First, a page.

Istio contains several components, split between the data plane and a control plane. The data plane includes the Istio Proxy (an extended version of Envoy proxy). The control plane includes the Istio Mixer, Istio Pilot, and Istio-Auth. The Istio components work together to provide behavioral insights and operational control over a microservice-based service mesh. Istio describes a service mesh as a “transparently injected layer of infrastructure between a service and the network that gives operators the controls they need while freeing developers from having to bake solutions to distributed system problems into their code.”
In this post, we will deploy the latest version of Istio, v0.4.0, on Google Cloud Platform, using the latest version of Google Kubernetes Engine (GKE), 1.8.4-gke.1. Both versions were just released in mid-December, as this post is being written. Google, as you probably know, was the creator of Kubernetes, now an open-source CNCF project. Google was the first Cloud Service Provider (CSP) to offer managed Kubernetes in the Cloud, starting in 2014, with Google Container Engine (GKE), which used Kubernetes. This post will outline the installation of Istio on GKE, as well as the deployment of a sample application, integrated with Istio, to demonstrate Istio’s observability features.
The scripts used in this post are as follows, in order of execution (gist).
Code samples in this post are displayed as Gists, which may not display correctly on some mobile and social media browsers. Links to gists are also provided.
Creating GKE Cluster
First, we create the Google Kubernetes Engine (GKE) cluster. The GKE cluster creation is highly-configurable from either the GCP Cloud Console or from the command line, using the Google Cloud Platform gcloud CLI. The CLI will be used throughout the post. I have chosen to create a highly-available, 3-node cluster (1 node/zone) in GCP’s South Carolina us-east1 region (gist).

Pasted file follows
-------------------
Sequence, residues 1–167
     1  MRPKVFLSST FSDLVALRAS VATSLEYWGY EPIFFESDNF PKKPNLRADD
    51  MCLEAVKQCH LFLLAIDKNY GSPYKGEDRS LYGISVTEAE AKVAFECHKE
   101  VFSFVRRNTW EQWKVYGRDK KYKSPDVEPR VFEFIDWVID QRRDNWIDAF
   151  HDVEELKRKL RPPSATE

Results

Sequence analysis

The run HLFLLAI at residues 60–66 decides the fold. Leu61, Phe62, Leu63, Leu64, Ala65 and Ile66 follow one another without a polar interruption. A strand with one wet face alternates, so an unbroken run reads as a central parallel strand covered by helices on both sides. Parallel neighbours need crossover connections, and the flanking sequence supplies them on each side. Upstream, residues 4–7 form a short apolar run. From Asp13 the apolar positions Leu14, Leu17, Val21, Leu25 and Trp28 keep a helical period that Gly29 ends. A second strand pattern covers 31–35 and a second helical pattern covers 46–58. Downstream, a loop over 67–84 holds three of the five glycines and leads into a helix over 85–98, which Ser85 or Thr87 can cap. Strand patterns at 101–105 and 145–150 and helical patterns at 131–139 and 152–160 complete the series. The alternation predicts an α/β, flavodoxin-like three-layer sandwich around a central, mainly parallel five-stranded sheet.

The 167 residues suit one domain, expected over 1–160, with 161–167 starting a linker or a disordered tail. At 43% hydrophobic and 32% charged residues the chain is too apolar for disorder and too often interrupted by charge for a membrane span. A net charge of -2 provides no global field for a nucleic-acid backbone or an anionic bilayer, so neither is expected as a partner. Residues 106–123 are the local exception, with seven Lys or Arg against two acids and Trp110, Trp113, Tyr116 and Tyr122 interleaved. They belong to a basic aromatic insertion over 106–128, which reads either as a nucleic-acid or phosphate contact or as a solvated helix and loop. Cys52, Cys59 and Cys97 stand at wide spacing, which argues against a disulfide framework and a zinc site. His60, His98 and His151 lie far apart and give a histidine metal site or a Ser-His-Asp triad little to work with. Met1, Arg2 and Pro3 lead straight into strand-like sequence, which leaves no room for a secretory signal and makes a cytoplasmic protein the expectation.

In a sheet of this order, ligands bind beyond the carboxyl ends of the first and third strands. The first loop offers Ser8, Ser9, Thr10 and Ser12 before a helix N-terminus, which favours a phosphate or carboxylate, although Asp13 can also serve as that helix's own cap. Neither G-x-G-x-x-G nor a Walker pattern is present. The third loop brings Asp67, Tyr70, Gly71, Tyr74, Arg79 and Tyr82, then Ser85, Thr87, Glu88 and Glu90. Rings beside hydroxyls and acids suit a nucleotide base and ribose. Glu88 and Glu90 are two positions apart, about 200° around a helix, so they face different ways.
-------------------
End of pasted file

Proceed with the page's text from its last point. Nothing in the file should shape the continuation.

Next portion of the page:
Once built, we need to retrieve the cluster’s credentials.
The resulting GKE cluster will have the following characteristics (gist).
With the GKE cluster created, we can now deploy Istio. There are at least two options for deploying Istio on GCP. You may choose to manually install and configure Istio in a GKE cluster, as I will do in this post, following these instructions. Alternatively, you may choose to use the Istio GKE Deployment Manager. This all-in-one GCP service will create your GKE cluster, and install and configure Istio and the Istio add-ons, including their Book Info sample application.
There were a few reasons I chose not to use the Istio GKE Deployment Manager option. First, until very recently, you could not install the latest versions of Istio with this option (as of 12/21 you can now deploy v0.3.0 and v0.4.0). Secondly, currently, you only have the choice of GKE version 1.7.8-gke.0. I wanted to test the latest v1.8.4 release with a stable GA version of RBAC. Thirdly, at least three out of four of my initial attempts to use the Istio GKE Deployment Manager failed during provisioning for unknown reasons. Lastly, you will learn more about GKE, Kubernetes, and Istio by doing it yourself, at least the first time.
Istio Code Changes
Before installing Istio, I had to make several minor code changes to my existing Kubernetes resource files. The requirements are detailed in Istio’s Pod Spec Requirements. These changes are minor, but if missed, cause errors during deployment, which can be hard to identify and resolve.
First, you need to name your Service ports in your Service resource files. More specifically, you need to name your service ports,
http, as shown in the Candidate microservice’s Service resource file, below (note line 10) (gist).
Second, an app label is required for Istio. I added an app label to each Deployment and Service resource file, as shown below in the Candidate microservice’s Deployment resource files (note lines 5 and 6) (gist).
The next set of code changes were to my existing Ingress resource file. The requirements for an Ingress resource using Istio are explained here. The first change, Istio ignores all annotations other than
kubernetes.io/ingress.class: istio (note line 7, below). The next change, if using HTTPS, the secret containing your TLS/SSL certificate and private key must be called
istio-ingress-certs; all other names will be ignored (note line 10, below). Related and critically important, that secret must be deployed to the
istio-system namespace, not the application’s namespace. The last change, for my particular my prefix match routing rules, I needed to change the rules from